1 Lesson 2 Socialization. 2 Chapter Outline Perspectives on Socialization Agents of Childhood...

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Page 1: 1 Lesson 2 Socialization. 2 Chapter Outline  Perspectives on Socialization  Agents of Childhood Socialization  Processes of Socialization  Outcomes.

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Lesson 2

Socialization

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Chapter Outline

Perspectives on Socialization Agents of Childhood Socialization Processes of Socialization Outcomes of Socialization Adult Socialization

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Perspectives On Socialization

Which is the more influential on behavior, heredity or environment?– Both factors influence the who

we become.– However, some theorists believe

heredity is most important, while others believe social influences (culture and society) are more important.

This argument has never been completely resolved.

Consider the case of Genie

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Socialization

The ways in which individuals learn and recreate skills, knowledge, values, motives, and roles appropriate to their position in a group or society.– Socialization makes us like most other

members of society in important ways.– Socialization also produces our

individuality.

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Developmental Theory

Socialization is dependent on biologically determined physical and psychological maturation.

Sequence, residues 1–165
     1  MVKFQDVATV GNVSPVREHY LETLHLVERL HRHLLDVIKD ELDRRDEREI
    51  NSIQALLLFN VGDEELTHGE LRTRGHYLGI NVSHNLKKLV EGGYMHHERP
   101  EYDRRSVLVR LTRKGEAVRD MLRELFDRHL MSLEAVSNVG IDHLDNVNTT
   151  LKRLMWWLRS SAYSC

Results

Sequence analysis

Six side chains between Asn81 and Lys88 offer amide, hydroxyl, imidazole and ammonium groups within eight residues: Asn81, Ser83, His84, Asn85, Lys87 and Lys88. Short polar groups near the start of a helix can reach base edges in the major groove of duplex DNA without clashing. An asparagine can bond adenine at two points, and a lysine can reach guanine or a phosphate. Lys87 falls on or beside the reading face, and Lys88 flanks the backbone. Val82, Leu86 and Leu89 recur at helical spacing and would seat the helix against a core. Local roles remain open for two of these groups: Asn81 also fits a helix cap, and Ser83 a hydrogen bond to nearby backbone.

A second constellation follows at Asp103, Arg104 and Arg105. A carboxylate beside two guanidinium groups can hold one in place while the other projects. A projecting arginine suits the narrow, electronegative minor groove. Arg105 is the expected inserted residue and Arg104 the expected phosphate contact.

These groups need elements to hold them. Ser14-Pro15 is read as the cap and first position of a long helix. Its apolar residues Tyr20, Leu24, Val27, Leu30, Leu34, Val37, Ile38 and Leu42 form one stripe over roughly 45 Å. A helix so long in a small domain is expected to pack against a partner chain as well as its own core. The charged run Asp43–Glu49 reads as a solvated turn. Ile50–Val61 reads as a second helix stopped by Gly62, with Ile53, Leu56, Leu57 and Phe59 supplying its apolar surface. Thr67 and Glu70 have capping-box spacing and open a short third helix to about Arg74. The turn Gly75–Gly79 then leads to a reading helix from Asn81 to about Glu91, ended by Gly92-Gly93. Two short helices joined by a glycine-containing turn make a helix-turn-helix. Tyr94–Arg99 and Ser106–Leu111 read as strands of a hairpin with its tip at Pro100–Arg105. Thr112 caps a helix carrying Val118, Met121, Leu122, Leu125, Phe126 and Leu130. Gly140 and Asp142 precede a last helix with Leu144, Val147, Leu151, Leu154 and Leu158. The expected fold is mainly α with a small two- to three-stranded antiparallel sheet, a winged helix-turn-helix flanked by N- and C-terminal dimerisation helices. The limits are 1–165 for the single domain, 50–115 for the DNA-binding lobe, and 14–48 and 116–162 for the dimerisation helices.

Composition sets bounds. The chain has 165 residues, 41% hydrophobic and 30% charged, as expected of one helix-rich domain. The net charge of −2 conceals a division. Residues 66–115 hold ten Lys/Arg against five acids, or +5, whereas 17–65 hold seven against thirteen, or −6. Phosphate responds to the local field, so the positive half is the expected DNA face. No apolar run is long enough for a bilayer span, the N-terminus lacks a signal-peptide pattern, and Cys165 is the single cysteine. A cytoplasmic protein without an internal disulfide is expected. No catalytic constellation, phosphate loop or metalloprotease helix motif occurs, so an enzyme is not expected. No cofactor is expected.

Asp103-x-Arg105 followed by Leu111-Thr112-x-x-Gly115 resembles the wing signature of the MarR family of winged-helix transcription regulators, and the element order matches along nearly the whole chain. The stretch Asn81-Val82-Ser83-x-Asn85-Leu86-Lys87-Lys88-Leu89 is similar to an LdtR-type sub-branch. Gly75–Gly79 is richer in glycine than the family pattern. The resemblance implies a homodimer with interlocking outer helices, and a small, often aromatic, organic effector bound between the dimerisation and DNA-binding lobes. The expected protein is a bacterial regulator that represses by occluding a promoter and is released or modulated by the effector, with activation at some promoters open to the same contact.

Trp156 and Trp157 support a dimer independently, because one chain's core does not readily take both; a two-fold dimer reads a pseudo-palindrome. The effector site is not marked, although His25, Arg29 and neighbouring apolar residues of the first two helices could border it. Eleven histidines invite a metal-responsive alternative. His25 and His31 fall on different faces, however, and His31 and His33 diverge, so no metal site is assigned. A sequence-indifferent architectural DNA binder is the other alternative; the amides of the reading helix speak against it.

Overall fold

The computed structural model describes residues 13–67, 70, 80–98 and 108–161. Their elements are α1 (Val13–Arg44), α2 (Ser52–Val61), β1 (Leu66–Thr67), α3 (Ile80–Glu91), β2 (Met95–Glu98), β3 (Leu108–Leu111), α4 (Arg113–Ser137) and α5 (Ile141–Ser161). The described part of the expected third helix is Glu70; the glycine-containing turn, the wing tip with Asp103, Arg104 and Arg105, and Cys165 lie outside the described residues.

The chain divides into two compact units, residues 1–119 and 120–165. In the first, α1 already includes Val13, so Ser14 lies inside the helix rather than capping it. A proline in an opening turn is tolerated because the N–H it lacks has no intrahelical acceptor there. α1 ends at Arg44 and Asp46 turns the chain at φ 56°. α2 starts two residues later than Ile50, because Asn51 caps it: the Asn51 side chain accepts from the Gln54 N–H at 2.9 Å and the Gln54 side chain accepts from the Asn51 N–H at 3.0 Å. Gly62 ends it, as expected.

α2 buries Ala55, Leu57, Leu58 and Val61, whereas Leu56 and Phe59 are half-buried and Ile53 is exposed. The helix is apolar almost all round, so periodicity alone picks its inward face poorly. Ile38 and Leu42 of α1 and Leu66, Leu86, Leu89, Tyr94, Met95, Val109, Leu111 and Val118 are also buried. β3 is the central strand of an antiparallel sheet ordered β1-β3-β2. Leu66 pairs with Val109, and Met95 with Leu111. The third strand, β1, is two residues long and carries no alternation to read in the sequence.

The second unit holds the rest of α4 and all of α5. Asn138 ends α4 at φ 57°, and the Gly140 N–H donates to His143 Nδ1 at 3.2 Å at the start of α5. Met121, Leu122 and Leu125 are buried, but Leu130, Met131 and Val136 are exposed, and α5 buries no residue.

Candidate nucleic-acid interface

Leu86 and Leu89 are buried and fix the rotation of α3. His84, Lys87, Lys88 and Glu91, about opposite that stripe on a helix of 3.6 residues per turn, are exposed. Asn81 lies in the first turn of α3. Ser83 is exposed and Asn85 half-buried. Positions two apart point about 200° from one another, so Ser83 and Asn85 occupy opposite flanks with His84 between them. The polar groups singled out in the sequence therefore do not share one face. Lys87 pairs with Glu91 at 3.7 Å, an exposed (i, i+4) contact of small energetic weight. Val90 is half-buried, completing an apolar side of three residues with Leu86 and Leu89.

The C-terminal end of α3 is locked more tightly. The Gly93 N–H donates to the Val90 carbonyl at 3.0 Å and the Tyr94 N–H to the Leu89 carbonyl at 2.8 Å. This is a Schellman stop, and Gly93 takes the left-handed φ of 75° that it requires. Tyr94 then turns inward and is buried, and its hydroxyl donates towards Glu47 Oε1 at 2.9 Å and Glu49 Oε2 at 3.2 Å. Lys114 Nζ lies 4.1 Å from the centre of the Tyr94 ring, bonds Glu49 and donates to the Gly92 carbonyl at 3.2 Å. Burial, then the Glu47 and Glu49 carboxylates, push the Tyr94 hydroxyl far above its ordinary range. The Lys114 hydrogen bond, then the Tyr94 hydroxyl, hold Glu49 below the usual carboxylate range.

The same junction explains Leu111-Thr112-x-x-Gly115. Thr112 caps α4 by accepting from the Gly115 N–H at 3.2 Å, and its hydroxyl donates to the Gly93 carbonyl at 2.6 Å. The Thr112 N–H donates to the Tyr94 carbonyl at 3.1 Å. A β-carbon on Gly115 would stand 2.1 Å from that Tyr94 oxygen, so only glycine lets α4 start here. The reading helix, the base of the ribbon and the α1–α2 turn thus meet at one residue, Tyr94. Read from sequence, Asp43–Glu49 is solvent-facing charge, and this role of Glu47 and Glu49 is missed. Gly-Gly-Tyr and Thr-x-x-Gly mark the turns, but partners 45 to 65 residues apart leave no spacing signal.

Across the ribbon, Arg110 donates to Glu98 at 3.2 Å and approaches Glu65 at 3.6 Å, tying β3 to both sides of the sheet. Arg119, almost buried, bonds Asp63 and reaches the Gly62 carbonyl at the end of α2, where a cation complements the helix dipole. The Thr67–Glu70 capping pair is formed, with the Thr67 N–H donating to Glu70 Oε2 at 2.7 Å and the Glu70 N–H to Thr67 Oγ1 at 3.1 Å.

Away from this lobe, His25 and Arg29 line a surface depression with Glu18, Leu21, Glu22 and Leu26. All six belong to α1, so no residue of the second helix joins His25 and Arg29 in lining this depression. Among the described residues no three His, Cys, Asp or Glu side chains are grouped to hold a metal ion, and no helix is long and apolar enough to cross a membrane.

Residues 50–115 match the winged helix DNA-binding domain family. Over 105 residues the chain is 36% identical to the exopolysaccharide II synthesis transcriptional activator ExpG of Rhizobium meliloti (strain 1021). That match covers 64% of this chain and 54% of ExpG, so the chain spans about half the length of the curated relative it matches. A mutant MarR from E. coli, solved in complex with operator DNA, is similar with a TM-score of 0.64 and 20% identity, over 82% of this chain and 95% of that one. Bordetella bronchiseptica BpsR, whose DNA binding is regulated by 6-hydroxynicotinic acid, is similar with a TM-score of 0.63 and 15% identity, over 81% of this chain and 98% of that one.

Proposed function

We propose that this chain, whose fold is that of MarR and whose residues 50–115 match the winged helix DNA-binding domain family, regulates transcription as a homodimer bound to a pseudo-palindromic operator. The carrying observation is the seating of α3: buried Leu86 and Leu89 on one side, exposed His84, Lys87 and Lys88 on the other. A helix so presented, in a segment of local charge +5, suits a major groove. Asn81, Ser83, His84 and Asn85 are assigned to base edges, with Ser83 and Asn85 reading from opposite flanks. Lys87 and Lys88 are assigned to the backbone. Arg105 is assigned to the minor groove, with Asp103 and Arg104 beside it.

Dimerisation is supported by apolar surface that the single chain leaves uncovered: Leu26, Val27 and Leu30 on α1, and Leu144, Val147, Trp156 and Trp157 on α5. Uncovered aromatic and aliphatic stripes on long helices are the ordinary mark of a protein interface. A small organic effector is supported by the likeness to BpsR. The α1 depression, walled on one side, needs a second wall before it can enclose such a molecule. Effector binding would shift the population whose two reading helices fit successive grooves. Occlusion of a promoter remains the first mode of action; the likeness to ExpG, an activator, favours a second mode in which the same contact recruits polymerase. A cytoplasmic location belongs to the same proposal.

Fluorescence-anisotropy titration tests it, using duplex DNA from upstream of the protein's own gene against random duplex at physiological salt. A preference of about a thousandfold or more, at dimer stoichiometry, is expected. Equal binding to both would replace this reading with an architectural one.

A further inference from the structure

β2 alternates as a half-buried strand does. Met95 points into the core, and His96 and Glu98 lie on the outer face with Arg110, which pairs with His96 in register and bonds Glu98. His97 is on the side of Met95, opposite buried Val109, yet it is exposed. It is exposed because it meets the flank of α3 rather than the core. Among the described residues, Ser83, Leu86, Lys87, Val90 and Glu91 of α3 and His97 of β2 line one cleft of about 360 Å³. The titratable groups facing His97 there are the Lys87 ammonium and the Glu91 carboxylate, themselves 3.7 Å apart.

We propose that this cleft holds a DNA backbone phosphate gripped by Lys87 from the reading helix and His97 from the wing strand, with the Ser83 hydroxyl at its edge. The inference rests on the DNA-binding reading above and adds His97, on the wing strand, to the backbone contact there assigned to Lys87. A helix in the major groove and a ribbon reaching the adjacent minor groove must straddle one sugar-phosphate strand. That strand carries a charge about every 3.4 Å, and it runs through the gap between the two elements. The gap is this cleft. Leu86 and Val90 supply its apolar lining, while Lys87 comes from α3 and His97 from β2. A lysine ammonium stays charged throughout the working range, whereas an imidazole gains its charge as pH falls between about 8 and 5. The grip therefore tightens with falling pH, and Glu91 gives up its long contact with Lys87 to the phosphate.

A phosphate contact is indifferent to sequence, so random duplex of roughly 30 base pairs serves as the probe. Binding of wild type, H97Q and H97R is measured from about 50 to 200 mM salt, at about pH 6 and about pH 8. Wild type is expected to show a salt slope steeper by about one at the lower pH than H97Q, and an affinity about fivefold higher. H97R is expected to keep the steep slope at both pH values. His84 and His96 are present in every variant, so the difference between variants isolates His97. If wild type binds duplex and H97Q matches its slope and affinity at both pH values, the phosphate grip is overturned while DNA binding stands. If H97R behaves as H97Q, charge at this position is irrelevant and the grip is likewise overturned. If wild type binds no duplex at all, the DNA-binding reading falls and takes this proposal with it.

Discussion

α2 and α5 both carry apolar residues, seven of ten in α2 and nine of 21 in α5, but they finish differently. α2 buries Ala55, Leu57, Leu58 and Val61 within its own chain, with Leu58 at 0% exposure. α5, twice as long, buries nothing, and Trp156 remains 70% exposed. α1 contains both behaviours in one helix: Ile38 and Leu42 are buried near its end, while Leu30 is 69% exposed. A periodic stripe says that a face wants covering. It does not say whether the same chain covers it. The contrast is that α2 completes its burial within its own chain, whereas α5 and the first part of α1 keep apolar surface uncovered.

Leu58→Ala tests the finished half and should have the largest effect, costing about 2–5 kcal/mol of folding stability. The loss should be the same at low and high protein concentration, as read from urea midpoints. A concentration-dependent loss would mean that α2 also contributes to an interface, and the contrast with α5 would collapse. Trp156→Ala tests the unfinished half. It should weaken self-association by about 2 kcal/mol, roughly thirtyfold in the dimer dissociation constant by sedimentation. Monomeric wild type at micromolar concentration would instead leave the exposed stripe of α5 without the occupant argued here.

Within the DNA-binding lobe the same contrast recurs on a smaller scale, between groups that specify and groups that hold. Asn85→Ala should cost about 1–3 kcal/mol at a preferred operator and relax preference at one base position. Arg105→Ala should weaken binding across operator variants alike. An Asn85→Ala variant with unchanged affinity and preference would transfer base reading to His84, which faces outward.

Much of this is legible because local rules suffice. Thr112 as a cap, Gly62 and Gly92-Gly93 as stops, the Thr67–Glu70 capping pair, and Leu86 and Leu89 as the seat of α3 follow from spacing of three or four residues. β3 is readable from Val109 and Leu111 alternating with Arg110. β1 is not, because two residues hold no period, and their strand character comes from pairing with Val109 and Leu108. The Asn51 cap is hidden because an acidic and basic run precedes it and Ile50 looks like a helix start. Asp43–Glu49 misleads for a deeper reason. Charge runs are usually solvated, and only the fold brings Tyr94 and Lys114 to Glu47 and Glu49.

The development of many social behaviors as primarily due to physical and neurological maturation.

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Developmental Theory

Responsiveness to another person develops early in life. By 16 weeks of age, a child smiles in response to a human face. By 28 weeks, a child can distinguish caregivers from strangers.

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The Developmental Perspective

– Studies show the age at which children gain certain motor skills and social skills.

• By age one an infant enjoys watching TV.

• By age one a child can run and has good control of his/her hands.

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The Social Learning Perspective

This perspective emphasizes that children gain their cognitive and behavioral skills interacting with others and their environment.

Children must learn about the environment and learn the language in order to communicate their needs to others.

– Children learn the shared meanings of the groups in which they are reared.

What a child learns depends on the group in which he/she was raised.

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Interpretive Perspective A child must learn the meanings common to the social

group (e.g. the family, the neighborhood, the classroom). A child’s participation in cultural routines, which are

recurrent and predictable activities basic to day-to-day social life.– Get up, get dressed, brush your teeth, go to school.

Learning the routines requires communication with parents, other adults, and other children.